Moon is often spotted on her laptop riding the San Francisco Bay Area Caltrain, surrounded by other Dropbox employees, like the company's product lead Chen Li Wang or Gentry Underwood, the founder of Mailbox, a mobile email client that Dropbox acquired for around $100 million. All of them live in Palo Alto, but telecommute to the office even as they are commuting to the company's sprawling campus near AT&T Park, home of the San Francisco giants.
Dropbox's partnerships — including its new one with Sony — aim to go beyond pre-loading the application. Moon works with Samsung and other partners to give those manufacturers access to special functions that allow a deeper level of integration. For example, a Samsung user can automatically save a photo to Dropbox from the phone's gallery app.
"What we want to do is do more of that," she said. "The added value is having Dropbox integrated in a smart way. This device (a Samsung Galaxy Note 3) comes with an application that tracks my steps. What if over time because I'm prone to diabetes I want to track it over many years? What if it had a cloud component? Those are the things that we think about, what is the added value we can bring? You can see more of those integrations going forward, coming with many different partners."
Integrating across a portfolio of Android devices, too, has its benefits even among the community using iPhones and iPads. Dropbox bills itself as a cross-platform service, or as Moon calls it, the "connective tissue" between devices. While it might not find the same deep integration on iPhones as it does with Android devices, securing a dominant share in the Android market lends itself to being persistent among Android users switching to iPhone, and Android phone owners that also have iOS devices.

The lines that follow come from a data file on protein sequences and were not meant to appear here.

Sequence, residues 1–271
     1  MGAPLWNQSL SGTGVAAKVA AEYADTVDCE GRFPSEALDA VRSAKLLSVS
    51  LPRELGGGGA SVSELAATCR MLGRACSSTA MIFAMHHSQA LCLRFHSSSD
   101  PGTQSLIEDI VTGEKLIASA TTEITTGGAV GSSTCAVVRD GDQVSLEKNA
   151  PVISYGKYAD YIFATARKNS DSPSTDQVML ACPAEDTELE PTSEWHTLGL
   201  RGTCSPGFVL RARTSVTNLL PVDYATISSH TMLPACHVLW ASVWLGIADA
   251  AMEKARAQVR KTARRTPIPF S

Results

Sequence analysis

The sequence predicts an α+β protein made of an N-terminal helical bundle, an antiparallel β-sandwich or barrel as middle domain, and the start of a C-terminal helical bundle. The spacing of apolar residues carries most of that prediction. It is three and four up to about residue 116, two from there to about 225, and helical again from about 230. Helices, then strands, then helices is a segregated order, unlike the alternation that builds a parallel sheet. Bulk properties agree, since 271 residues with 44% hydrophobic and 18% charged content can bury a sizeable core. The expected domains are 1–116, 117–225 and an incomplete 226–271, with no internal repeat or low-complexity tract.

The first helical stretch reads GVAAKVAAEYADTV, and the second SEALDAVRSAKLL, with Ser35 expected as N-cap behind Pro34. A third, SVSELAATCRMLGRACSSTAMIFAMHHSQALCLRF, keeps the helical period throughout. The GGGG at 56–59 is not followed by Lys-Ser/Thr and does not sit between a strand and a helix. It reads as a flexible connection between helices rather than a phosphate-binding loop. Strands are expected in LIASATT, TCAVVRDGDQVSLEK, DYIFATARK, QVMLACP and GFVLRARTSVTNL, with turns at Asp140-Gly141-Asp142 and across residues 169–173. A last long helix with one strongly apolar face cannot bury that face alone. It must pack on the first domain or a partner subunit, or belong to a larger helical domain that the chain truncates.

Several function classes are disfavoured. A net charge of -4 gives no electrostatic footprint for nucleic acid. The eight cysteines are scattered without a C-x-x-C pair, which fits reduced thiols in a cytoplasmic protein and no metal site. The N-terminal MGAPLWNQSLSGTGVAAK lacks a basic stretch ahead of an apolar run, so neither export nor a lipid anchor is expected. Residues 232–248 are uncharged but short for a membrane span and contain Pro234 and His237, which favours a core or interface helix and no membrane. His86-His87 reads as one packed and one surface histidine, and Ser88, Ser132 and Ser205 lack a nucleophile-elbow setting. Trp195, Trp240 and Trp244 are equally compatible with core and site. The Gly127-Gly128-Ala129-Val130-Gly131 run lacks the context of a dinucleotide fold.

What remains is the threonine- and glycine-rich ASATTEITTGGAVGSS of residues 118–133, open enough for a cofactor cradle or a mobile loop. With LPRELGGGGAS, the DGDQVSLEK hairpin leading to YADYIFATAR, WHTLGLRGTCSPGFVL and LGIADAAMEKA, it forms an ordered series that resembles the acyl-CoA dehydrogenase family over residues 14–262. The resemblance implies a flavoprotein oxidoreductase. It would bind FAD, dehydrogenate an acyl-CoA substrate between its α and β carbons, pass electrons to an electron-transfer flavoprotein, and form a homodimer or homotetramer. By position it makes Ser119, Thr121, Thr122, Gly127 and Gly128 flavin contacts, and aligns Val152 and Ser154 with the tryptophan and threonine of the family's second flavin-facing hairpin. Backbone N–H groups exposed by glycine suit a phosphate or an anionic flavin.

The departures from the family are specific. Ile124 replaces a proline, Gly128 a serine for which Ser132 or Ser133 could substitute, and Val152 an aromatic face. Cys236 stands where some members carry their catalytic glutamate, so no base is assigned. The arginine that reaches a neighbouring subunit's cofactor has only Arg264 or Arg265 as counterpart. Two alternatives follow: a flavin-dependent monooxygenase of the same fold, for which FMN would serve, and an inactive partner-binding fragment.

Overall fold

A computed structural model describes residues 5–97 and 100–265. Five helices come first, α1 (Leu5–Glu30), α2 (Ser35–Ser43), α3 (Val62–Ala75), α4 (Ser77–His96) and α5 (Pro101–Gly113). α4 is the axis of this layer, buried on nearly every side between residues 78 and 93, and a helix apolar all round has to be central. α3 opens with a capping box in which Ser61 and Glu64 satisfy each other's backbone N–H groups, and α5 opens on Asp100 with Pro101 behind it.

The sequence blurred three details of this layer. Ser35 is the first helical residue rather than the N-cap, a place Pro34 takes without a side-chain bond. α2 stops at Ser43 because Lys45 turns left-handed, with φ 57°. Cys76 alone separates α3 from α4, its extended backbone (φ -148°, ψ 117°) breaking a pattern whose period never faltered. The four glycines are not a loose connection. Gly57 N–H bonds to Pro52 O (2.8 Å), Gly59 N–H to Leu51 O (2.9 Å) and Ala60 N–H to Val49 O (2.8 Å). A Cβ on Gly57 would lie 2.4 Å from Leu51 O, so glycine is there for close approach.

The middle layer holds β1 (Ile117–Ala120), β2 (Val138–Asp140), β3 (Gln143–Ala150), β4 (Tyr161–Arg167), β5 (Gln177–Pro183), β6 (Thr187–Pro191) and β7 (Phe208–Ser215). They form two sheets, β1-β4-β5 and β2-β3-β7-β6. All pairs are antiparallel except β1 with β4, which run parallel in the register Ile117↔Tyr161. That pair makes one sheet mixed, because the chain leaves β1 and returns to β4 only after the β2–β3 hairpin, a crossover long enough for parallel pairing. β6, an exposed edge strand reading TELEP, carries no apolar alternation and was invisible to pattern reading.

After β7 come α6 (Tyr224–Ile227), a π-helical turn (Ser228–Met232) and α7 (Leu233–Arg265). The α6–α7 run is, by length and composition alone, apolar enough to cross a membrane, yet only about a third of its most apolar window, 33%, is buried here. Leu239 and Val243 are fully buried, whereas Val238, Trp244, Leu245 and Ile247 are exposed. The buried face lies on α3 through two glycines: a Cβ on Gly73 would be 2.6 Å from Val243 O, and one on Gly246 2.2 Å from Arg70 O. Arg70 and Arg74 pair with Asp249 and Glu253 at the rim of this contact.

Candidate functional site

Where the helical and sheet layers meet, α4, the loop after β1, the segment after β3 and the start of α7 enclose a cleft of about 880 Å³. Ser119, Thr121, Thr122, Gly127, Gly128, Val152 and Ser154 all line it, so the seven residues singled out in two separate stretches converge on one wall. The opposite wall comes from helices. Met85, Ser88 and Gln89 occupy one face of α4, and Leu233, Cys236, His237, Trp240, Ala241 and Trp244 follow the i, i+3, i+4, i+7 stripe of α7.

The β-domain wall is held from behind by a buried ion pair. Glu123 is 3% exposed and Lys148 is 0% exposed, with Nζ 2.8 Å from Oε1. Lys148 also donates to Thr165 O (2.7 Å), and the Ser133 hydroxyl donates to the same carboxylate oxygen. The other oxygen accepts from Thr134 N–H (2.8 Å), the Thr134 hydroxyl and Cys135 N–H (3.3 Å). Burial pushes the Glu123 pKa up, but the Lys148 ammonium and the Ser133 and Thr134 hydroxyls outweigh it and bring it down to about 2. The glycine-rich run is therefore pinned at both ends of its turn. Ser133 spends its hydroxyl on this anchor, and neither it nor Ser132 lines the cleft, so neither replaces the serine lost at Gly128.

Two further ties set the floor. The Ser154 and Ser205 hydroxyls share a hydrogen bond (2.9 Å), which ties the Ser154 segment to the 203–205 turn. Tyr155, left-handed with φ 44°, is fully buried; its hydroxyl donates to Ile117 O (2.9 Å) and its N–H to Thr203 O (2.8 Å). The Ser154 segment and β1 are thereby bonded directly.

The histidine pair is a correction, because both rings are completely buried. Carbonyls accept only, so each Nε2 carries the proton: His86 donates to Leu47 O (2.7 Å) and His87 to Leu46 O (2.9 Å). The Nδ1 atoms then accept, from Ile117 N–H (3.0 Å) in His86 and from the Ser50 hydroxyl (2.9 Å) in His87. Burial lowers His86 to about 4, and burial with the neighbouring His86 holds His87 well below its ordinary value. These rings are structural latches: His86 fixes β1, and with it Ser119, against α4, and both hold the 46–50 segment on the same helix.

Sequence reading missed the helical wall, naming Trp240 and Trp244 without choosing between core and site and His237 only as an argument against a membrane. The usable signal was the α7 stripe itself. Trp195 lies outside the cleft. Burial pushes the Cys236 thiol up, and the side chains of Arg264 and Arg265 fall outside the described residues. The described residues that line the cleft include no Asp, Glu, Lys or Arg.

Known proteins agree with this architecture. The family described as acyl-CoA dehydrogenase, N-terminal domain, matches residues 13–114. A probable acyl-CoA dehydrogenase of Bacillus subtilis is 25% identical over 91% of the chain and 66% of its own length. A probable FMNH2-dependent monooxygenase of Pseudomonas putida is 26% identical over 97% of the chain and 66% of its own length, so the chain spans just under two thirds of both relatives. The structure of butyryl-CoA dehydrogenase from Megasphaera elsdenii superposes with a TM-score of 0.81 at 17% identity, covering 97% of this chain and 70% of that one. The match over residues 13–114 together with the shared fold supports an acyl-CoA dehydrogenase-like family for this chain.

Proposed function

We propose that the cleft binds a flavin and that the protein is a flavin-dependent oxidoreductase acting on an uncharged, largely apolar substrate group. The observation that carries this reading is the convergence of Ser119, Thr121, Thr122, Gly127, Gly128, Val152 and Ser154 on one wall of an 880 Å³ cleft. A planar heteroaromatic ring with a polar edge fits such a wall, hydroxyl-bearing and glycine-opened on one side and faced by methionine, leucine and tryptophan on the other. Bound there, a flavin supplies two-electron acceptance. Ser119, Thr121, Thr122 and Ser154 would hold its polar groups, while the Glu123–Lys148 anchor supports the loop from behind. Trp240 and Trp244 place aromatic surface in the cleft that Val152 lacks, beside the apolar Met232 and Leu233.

Deeper, more thoughtful integration of software and hardware has another advantage: the company doesn't want to be considered "crapware," the catch-all term for pre-loaded applications on on phones and computers that many users consider useless, or worse. Dropbox has to re-think how the service is integrated in mobile devices beyond a standard application where users can access files.
And with that, comes an opportunity to create paying customers, she said.
The fruits of her team's work comes at an opportune time. Online storage costs have gone to zero and Dropbox has had to quickly find a future beyond charging for simple online storage. The company was valued at $10 billion during its most-recent financing round, and the still-limited success of its existing mobile applications has raised questions about the future of the company.
In many ways, Dropbox's current state mirrors that of Facebook's before it went public. In 2012, Facebook had to justify its $100 billion valuation while it had no mobile advertising revenue and low-quality mobile applications. Facebook CEO Mark Zuckerberg himself referred to the company's poor-quality mobile applications as its worst strategic mistake.
Facebook was able to successfully make that transition, and now the company is worth more than even blue-blood tech companies like IBM and massive brands like Coca-Cola. For Dropbox to have the same success, it will have to continue to rapidly iterate and find an edge with consumers that keeps them not only using Dropbox, but paying for additional value beyond just storage.
Much more work is to be done. Smartphone growth is largely being driven by Apple and Samsung, as well as Chinese vendors like Huawei and Xiaomi. Dropbox has not secured partnerships with the Chinese giants, nor LG, another massive smartphone maker.
And finding a home with those manufacturers will be tricky. The Chinese Internet market is dominated by domestic champions like Tencent and Alibaba, and American companies like Facebook, Google and Twitter have had a hard time finding a footprint there. For Xiaomi — a Chinese smartphone manufacturer of intense interest among both smartphone manufacturers and software providers — the Google connection may come in handy once again. While Moon didn't comment on any specific conversations, Xiaomi vice president of international Hugo Barra is also a former Googler, who worked on Android.
But if Dropbox can continue to integrate deeply with mobile devices, it may find the killer use case that helps transition it to a truly mobile company.
"We are very well aligned with global brands, unlike carriers that are more region specific where they have a local presence," Moon said. "We're not just a startup out of Silicon Valley. The fact that partners want to partner with us is obviously because of differentiated services."